It has become clear in recent years, post the emergence of Web 2.0, that social networks, are here to stay. As evidenced in the images below, Web 2.0 altered the static nature of the websites we experienced in Web 1.0, allowing users to not only consume but produce content when interacting with a site.
When users became able to interact with the sites they were visiting online, it was easy to see how the popularity of social networking sites grew rapidly, as the ability of users to draw on the collective intelligence of other users and ‘friends’ replicated networking in the physical sense but evolved to ‘networking on steroids’, as users were suddenly able to connect with people at any time in any place with the click of a button (O’ Reilly, 2005). Christopher Barnatt (2008, March 30) elaborates on this in the video below and suggests that Web 2.0 involves making connections between two or more people, items or applications, essentially allowing interpersonal computing aspects to integrate their offerings and provide a richer service than that of Web 1.0 sites.
This emergence of Web 2.0 and social networking challenged us to re-think our behaviour on the internet and, instead of viewing it as simply a place to gather information, users were able to go beyond this and create and discuss information with others around the world (De Rosea, Cantrell, Havens, Hawk & Jenkins, 2007, p. vii). As Meyer suggests when quoting from A. A. Milne, the concept of social networking that evolved with Web 2.0 has allowed us to connect with others where they are comfortable, instead of waiting for them to come to us, creating attractive networking possibilities as we strive to create and maintain relationships both personally and professionally (as cited in Ishizuka, K, 2010, p.32).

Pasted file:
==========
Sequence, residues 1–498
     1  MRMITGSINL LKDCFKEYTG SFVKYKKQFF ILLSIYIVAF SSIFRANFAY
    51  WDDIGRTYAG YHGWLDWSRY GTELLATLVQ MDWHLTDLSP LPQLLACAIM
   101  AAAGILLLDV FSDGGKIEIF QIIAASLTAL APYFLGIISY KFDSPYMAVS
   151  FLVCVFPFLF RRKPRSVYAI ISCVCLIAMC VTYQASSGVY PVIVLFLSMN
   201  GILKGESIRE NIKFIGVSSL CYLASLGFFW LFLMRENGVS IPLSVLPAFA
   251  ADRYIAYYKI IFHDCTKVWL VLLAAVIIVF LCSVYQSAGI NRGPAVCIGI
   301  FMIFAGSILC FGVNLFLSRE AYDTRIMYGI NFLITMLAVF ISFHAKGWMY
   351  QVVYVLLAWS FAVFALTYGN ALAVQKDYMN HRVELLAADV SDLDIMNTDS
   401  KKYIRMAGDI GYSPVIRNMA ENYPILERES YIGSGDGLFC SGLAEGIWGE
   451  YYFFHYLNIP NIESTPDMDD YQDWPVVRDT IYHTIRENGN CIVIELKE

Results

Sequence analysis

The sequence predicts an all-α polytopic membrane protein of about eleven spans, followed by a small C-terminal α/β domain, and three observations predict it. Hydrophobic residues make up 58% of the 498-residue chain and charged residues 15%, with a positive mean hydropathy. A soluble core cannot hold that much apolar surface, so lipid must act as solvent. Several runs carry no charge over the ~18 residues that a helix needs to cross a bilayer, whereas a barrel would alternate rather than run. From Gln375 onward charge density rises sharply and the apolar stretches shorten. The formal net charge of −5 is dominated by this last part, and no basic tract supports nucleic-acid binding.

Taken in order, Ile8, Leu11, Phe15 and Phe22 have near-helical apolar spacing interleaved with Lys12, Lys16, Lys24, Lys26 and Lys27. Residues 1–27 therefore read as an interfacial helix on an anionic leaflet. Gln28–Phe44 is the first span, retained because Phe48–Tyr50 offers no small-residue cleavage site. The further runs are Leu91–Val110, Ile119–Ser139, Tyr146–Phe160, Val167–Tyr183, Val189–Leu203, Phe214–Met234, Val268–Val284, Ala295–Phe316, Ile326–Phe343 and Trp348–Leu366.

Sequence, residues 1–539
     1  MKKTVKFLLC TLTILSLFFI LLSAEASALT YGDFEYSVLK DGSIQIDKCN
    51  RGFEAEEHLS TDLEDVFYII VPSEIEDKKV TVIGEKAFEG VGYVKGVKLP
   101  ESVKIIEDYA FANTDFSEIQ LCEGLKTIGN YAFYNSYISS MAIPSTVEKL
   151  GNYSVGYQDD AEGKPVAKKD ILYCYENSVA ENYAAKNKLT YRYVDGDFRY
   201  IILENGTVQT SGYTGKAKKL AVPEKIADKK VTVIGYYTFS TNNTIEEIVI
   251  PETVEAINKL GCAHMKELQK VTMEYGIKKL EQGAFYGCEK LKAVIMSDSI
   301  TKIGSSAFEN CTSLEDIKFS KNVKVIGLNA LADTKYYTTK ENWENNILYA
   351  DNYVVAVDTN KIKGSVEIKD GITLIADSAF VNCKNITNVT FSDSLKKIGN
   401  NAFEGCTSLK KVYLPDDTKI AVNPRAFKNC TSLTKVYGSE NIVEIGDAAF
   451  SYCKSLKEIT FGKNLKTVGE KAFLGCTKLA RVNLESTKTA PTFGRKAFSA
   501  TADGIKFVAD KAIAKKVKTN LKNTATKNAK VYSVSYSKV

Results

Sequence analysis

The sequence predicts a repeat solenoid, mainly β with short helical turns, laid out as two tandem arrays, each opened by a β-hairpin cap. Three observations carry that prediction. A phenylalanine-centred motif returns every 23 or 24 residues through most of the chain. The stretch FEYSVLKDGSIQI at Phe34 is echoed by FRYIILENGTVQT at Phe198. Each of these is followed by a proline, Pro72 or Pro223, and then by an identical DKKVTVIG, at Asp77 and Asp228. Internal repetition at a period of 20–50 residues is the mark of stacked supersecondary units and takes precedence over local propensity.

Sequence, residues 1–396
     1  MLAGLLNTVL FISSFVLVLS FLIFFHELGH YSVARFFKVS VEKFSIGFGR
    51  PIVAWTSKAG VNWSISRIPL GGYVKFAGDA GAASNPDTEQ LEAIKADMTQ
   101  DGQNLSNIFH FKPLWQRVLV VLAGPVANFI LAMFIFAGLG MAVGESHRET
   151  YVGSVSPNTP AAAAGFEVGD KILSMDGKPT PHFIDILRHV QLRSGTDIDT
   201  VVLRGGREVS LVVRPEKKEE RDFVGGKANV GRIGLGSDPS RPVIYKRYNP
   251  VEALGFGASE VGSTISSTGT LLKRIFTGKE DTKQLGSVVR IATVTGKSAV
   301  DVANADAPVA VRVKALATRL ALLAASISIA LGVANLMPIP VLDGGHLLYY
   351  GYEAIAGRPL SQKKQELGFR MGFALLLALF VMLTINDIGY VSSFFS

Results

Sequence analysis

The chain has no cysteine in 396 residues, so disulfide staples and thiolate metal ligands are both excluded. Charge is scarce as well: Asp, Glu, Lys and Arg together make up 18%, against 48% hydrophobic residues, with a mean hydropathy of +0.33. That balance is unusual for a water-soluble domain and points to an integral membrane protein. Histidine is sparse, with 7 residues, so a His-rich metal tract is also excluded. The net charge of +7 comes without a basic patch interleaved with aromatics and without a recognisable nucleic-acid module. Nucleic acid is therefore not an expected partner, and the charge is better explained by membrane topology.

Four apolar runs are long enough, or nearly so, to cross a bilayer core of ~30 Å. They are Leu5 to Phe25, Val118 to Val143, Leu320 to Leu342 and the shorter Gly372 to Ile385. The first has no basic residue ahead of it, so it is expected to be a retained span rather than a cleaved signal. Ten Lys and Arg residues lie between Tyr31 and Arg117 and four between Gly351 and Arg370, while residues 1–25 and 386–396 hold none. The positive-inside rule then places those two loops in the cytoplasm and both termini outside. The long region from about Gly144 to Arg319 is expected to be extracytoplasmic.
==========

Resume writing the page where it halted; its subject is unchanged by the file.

The social networking craze that resulted from Web 2.0 is one that needs further exploration in the world of education. If individuals have become so attracted to broadening their networks beyond physical forms and connecting with others in the digital world, it won’t be long before this concept is one we must consider in our classrooms. We must consider how the emergence of Web 2.0 and social networking will push us from the world of static learning and information to the interactive.
De Rosa, C., Cantrell, J., Havens, A., Hawk, J. & Jenkins, L. (2007). Sharing privacy and trust in our networked world: A report to the OCLC membership. Dublin, Ohio: OCLC [ebook]. Available from www.oclc.org/reports/pdfs/sharing.pdf
Ishizuka, K. (2010). People who need people. School Library Journal, 56(2), 32.
O’Reilly, T. (2005) What is Web 2.0. Retrieved from http://www.oreilly.com/pub/a/web2/archive/what-is-web-20.html?page=2